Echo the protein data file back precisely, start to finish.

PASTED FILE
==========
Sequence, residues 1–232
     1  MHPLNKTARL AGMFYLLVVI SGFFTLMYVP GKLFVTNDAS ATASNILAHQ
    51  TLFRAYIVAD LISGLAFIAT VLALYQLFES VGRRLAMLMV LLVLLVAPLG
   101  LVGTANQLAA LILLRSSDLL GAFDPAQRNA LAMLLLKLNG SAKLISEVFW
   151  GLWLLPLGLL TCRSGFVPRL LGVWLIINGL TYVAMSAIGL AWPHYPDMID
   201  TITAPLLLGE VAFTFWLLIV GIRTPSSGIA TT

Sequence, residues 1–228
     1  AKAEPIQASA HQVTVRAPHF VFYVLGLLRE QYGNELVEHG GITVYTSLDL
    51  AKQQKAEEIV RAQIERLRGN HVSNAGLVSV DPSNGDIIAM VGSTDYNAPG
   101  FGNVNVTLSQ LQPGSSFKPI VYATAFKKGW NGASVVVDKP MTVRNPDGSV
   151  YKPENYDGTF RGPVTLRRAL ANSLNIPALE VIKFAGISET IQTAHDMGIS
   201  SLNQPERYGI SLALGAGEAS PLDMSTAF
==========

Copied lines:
Sequence, residues 1–232
     1  MHPLNKTARL AGMFYLLVVI SGFFTLMYVP GKLFVTNDAS ATASNILAHQ
    51  TLFRAYIVAD LISGLAFIAT VLALYQLFES VGRRLAMLMV LLVLLVAPLG
   101  LVGTANQLAA LILLRSSDLL GAFDPAQRNA LAMLLLKLNG SAKLISEVFW
   151  GLWLLPLGLL TCRSGFVPRL LGVWLIINGL TYVAMSAIGL AWPHYPDMID
   201  TITAPLLLGE VAFTFWLLIV GIRTPSSGIA TT

Sequence, residues 1–228
     1  AKAEPIQASA HQVTVRAPHF VFYVLGLLRE QYGNELVEHG GITVYTSLDL
    51  AKQQKAEEIV RAQIERLRGN HVSNAGLVSV DPSNGDIIAM VGSTDYNAPG
   101  FGNVNVTLSQ LQPGSSFKPI VYATAFKKGW NGASVVVDKP MTVRNPDGSV
   151  YKPENYDGTF RGPVTLRRAL ANSLNIPALE VIKFAGISET IQTAHDMGIS
   201  SLNQPERYGI SLALGAGEAS PLDMSTAF